The Look of Love, which stars continued Winterbottom muse Steve Coogan, who also co-anchored the director’s The Trip andTristram Shandy, screened on Saturday evening and became the first drama acquired at the festival this year. IFC is the lucky studio that snapped up the surely entertaining flick, which itself concerns the rise and fall (and rise?) of smut impresario Paul Raymond.

But we should expect anything apart from the paint-by-numbers biopic. The last time Coogan starred in a Winterbottom film about a legendary pop culture icon (Factory Records founder Tony Wilson), he broke the life examined into a colorful postmodern shrapnel that kept the viewer ever off-balance and dreading the final credits. If ordinary critics are already panning itThe Look of Love is bound to be just as delightfully twisted.

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Robert Redford Addresses Guns In Film At Sundance

Robert Redford briefly touched on guns in Hollywood as he opened the 2013 Sundance Film Festival on Thursday, pondering whether the entertainment industry is overreliant on gun violence.

“I think it’s appropriate and overdue to have this dialogue,” Redford said told the opening night crowd, according to the Hollywood Reporter. “I have a question, though. I was driving in L.A. recently, and I saw two billboards that featured guns prominently. It made me wonder, ‘Does my business think guns will help sell tickets?’ It’s worth asking that question.”

Festival director John Cooper added that Sundance 2013 is screening a film that touches on gun violence directly. Valentine Road is a documentary by Marta Cunningham about the 2008 murder of eighth-grader Lawrence (Larry) King, 14, by a classmate Brandon McInerney, 15, during their English class in Oxnard, California. The film explores the lives of both boys — Larry, an effemenite, possibly gay kid, and Brandon, who thought Larry had a crush on him. 

Cooper added that Valentine Road was selected for Sundance prior to the December 14 massacre in Newtown, Connecticut. He continued, “Newtown and the gun-control dialogue going on will change what the documentary means to people at the festival. But for us, a truth is a truth, and it’s about allowing our filmmakers to tell a deeper story.”

You can watch Redford and other festival organizers at the opening of the 2013 Sundance Film Festival below:

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Check Out Eight New Sundance Short Films Online

Today marks the kick off for the annual hearding of cinema’s elite—the Sundance Film Festival in Park City, Utah. This coming week will usher in an incredible amount of new and inspiring work from across the globe, hopefully, to be picked up by distributors and infultrated into theaters around the country and abroad. This week, we expressed which upcoming Sundance films we’re most excited for—from Richard Linklater’s third installement in his decade-spanning separated love series with Before Midnight to Shane Carruth’s long-awaited bewildering sophomore feature, Upstream Color. But it’s not only the feature length debuts that will be receiving praise and recognition—the short films this year are certainly not to be missed.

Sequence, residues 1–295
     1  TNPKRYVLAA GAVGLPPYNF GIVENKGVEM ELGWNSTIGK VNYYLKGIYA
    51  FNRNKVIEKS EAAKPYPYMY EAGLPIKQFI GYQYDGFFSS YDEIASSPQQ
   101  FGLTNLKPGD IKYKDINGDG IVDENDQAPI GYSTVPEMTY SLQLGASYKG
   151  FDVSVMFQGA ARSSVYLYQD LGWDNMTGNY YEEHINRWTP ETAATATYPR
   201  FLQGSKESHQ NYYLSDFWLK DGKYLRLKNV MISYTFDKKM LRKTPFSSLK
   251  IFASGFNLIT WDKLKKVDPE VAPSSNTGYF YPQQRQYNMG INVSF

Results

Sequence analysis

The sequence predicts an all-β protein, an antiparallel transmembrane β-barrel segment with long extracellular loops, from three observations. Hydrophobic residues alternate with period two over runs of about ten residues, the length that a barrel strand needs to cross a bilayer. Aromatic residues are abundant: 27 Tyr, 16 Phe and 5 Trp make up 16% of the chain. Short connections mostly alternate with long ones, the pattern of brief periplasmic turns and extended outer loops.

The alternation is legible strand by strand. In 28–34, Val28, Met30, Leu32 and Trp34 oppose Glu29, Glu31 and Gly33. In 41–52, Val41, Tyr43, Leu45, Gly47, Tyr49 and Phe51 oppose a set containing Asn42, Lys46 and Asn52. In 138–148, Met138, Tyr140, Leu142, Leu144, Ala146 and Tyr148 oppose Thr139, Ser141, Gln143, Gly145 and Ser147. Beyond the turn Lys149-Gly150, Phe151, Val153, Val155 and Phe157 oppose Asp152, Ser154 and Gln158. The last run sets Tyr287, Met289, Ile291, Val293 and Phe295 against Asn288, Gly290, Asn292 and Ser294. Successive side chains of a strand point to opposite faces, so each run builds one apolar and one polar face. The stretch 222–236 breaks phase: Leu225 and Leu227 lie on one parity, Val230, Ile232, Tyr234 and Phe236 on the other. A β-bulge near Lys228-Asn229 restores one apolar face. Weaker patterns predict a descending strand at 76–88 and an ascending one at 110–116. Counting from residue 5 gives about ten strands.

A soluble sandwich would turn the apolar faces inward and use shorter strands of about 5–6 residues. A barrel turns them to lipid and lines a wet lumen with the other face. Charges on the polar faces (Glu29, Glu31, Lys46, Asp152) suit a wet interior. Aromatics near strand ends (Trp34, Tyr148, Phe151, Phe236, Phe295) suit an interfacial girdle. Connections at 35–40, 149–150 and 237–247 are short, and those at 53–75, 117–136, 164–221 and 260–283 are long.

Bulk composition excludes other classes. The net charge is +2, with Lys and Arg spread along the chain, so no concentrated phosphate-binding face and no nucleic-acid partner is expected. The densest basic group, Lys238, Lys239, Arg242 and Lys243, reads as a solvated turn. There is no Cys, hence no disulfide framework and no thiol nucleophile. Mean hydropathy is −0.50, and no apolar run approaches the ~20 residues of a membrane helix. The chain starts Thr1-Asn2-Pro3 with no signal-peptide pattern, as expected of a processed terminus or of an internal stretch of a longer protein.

Earlier in the month, we shared six of the short films that will be premiering at Sundance, now made available to watch online. But as of today, you can view a selection of eight more shorts, a treat for those of us not attening the festival. Ranging from 9-minute films by acclaimed writers like Guillermo Arriaga (featuring cinematography from frequent Steven Spielberg collaborator Janusz Kaminski) to unconventional and noteworthy debuts, check out what’s on this year’s lineup and try not to feel too depressed that you’re not packing your bags and heading out west.

The Apocalypse (Andrew Zuchero)
Four uninspired friends try to come up with a terrific idea for how to spend their Saturday afternoon.

Black Metal (Kat Candler)
After a career spent mining his music from the shadows, one fan creates a chain reaction for the lead singer of a black metal band.

Broken Night (Guillermo Arriaga)
A young woman and her four-year-old daughter drive across desolated hills. Everything looks fine and they seem to enjoy the ride, until an accident sends them into the nightmare of darkness.

Marcel, King of Tervuren (Tom Schroeder)
Greek tragedy enacted by Belgian roosters.

Movies Made From Home #6 (Robert Machoian)
Debbie is good at playing hide and seek—so good she is often hard to find.

What Do We Have In Our Pockets? (Goran Dukic)
A most unusual love story unravels when the objects in a young man’s pockets come to life.

When the Zombies Come (Jon Hurst)
At a hardware store in the middle of no where fans of the walking dead have turned their love of zombies into an obsession which has warped the way they see the store and costumers.